US President Donald Trump's border clampdown has stirred Starbucks and Airbnb to help those affected by the temporary immigration ban - pledging to hire more refugees and provide accommodation.
Trump's measures suspend the arrival of all refugees for at least 120 days, Syrian refugees indefinitely and bars citizens from Iran, Iraq, Libya, Somalia, Sudan, Syria and Yemen for three months, affecting many companies' plans.
With lives plunged in chaos, Starbucks said it planned to take on 10,000 refugees worldwide over the next five years in response to Trump's decree. "I write to you today with deep concern, a heavy heart and a resolute promise," Starbucks chairman and chief executive Howard Schultz said in a letter to employees posted on the company's website Sunday.
"We are living in an unprecedented time, one in which we are witness to the conscience of our country, and the promise of the American Dream, being called into question." Schultz, a Democratic Party supporter, said his company had been in touch with employees affected by the Republican president's executive order signed Friday. The CEO said the refugee hires would be fleeing war, persecution and discrimination in the 75 countries where the company operates - with a particular focus on those who "have served with US troops as interpreters and support personnel," alluding to Iraq and Afghanistan.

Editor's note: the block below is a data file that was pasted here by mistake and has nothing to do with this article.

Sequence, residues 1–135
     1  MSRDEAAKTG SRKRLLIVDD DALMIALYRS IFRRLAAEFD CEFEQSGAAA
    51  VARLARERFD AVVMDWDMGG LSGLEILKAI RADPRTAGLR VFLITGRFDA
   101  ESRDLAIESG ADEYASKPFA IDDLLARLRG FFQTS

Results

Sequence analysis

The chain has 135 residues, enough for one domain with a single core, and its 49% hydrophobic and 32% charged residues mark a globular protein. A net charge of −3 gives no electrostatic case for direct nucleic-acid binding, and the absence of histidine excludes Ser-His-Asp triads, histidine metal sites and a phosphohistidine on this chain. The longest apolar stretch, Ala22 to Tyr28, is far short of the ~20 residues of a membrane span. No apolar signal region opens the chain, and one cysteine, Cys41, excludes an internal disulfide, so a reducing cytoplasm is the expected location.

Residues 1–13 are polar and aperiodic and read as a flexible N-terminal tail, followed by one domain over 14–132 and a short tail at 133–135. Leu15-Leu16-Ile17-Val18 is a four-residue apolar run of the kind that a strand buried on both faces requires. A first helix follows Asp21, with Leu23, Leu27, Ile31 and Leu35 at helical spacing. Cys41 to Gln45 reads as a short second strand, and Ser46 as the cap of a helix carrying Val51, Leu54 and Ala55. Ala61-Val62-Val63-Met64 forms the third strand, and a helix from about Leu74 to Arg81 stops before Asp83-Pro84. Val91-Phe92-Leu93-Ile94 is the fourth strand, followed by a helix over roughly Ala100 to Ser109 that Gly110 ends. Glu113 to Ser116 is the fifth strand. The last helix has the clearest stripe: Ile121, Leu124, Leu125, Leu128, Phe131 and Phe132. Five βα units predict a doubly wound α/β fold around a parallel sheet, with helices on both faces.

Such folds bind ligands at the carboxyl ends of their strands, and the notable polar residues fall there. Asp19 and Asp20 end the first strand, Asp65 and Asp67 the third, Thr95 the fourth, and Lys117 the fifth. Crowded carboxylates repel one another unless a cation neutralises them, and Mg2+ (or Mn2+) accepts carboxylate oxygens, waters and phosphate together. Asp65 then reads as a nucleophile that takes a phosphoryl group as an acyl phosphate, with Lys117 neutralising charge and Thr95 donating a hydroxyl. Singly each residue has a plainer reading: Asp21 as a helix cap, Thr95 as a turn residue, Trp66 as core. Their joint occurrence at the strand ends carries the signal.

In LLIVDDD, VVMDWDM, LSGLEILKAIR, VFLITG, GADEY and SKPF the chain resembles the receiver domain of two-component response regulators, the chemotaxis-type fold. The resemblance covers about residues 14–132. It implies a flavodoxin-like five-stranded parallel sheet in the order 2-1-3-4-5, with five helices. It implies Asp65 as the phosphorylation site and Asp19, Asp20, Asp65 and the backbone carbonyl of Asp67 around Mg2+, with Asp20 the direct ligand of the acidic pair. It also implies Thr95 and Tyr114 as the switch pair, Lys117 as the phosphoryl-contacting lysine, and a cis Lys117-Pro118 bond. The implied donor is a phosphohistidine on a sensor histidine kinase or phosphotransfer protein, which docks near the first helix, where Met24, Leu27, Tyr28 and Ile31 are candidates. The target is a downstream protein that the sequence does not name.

Airbnb said it would offer free accommodation "to refugees and anyone not allowed in the US. Open doors brings all of US together," tweeted company CEO Brian Chesky, asking those stranded by Trump's ban to contact him for a place to stay. " The company will utilise its disaster response program, which connects hosts willing to offer their space to displaced people. Some 80 percent of the online rental platform's listings are outside of the United States. Airbnb also has measures in place to ensure housing for those in areas where no hosts are providing free shelter.
Other companies also expressed solidarity and pledged hard cash. Lyft, a US ridesharing company, said it would donate $1-million to the American Civil Liberties Union (ACLU), which has issued lawsuits against Trump's measures. The company's competitor Uber - which had come under fire on social media for continuing to operate during a New York taxi strike against the immigration ban - said it was committed to assisting drivers affected by the restrictions.